Pedro Merroquin con Ma. (Maria) Amalia Gonzalez
En Guardado de arriba juridiccion de la Parroquia de Ciudad Mier a veintesiete de Agosto del ano del Senor de mil nobecientos dose. En el domicilio de Don Andres Gonzalez, Yo el infrascrito cura economo previas las debidas informaciones matrimoniales y leidas las tres moniciones conciliares seguidas y no resultado impedimiento alguno canones conferados ambos pretensos y preguntelo en seguida su reciproco consentimiento por palabras de presente. Case y Vele segun el rito de Nuestra Madre la Iglesia amore missiones a Pedro Marroquin con Amalia Gonzalez Siendo Testigos Trinidad Barrera Blas Guerra y Pioquinte Garza y padrinos de casamiento Jose de la Trinidad Barrera y Teresa Garcia y para constancia firmo.
Jose S. Cisneros Presbo. (Presbito)
The following story was told to me by my father Lauro Garza Marroquin and it is a story about his uncle Severo Marroquin Gonzalez. I will try to relate it as complete as possible since it has been several years since I heard it. Severo Marroquin Gonzalez was born on August 8, 1913 in Rancho Viejo, Mier, Tamaulipas, Mexico to Pedro Marroquin Perez and Amalia Gonzalez Guerra.
When Severo was about 16 or 17 years old he used to work the fields and other people would also be hired to work on his fathers property cutting and picking up corn (maiz). He relates that one day Severo refused to go out to the fields and when his father Pedro asked him why he didn’t want to go to work he stated that since he was small there was an older kid, Jose Moreno, that would always harass him (amagaba muncho) and would always beat him up. His father Pedro then gave him his 1911, 45 caliber handgun and told him to stand up for himself and to use it if he needed to, he also told him that the gun had only one bullet and to make it count. That same day Severo was making monas de maiz (piramid looking stack of corn to protect it from the weather) when Jose Moreno arrived and started to make fun of him. Jose Moreno yelled and told him te voy a golpear (I am going to beat you up) Severo responded tabien (that’s fine) let me just drink some water. Unknown to Jose, Severo had the gun that his father had given him next to the water thermus and as he reached down pretending to get water he grabbed the gun picked it up and fired. He hit him in his right arm, Jose left as fast as he could before Severo could shoot him again. Severo didn’t want to kill him, but he did want to scare him. Severo continued working in the field and later on armed men arrived from Arcabuz to take him before the local judge, by this time it had started to rain and he was wearing his red cape. My father stated that by the time they were taking him from Arcabuz to Ciudad Mier a local corridista (balad composer) had already written a corrido about the incident, unfortunately the only part he remembers is “ahy llevan a severo marroquin con su capa colorada, ahy lo llevan a dar declaracion a esos hijos de la chingada” (there they are taking Severo Marroquin in his red cape, there they take him to give declaration to those bastards) . Severo was taken to Ciudad Mier, Mexico where the judged ordered him to serve five years under arrest, he was not placed in jail but could not leave the city, he had to work and make a living without leaving town. Severo used to say that he never regretted it since he met his wife and married her in Ciudad Mier durign that time and also that he became the best of friends with Jose Moreno.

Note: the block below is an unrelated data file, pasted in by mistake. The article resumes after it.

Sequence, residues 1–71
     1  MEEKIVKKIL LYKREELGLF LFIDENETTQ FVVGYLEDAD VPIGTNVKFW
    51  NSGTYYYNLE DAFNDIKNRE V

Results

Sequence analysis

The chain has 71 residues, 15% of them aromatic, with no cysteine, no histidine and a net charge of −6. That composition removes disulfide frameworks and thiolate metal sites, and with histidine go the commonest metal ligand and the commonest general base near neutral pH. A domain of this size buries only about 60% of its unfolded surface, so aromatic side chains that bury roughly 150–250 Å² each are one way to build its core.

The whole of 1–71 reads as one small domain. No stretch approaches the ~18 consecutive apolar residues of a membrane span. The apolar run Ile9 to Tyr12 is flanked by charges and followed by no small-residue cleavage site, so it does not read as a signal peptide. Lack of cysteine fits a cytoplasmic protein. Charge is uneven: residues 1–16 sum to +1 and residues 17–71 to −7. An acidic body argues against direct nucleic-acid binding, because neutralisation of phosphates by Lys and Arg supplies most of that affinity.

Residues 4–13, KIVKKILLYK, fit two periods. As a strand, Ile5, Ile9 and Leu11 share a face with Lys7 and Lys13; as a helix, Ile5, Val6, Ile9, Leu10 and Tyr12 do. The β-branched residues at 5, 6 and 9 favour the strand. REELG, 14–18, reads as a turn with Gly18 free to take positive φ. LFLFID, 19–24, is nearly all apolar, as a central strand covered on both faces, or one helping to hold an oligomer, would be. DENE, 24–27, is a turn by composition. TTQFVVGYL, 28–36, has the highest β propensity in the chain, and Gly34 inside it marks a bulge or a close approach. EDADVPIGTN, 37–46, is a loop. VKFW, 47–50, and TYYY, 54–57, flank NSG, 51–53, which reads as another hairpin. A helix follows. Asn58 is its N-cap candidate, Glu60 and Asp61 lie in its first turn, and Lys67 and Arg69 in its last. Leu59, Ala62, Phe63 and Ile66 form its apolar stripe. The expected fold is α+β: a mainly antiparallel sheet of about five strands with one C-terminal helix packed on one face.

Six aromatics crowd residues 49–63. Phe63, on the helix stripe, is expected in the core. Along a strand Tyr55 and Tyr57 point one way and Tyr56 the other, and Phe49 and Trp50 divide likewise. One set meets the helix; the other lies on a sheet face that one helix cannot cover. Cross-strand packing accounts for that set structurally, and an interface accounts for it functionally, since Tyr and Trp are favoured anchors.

Growing up we were thought to always stand up for ourselves and to never let anyone put us down. We were also thought to never start a fight, nor look for one but when the time came, we had to defend ourselves. The above story is a drastic representation of that belief and it could have had ended with other consequences if that bullet had killed Moreno, but it does show Pedro’s (my great-grandfathers) belief that it was OK for a peaceful person to use lethal force to stop a bully.
Sources: Lauro Garza Marroquin
Maria Amalia Gonzalez Guerra is my great-grandmother through my fathers maternal side. The following is the image of her baptism followed by it’s transcription. She was baptized in Los Herreras, Nuevo Leon, Mexico on the 16th of February of 1891. The document indicates that she was born on June 17, 1890 and that her parents are Andres Gonzalez and Nicolasa Guerra. It lists her Godparents as being Martin Ramirez and Antonia Gonzalez.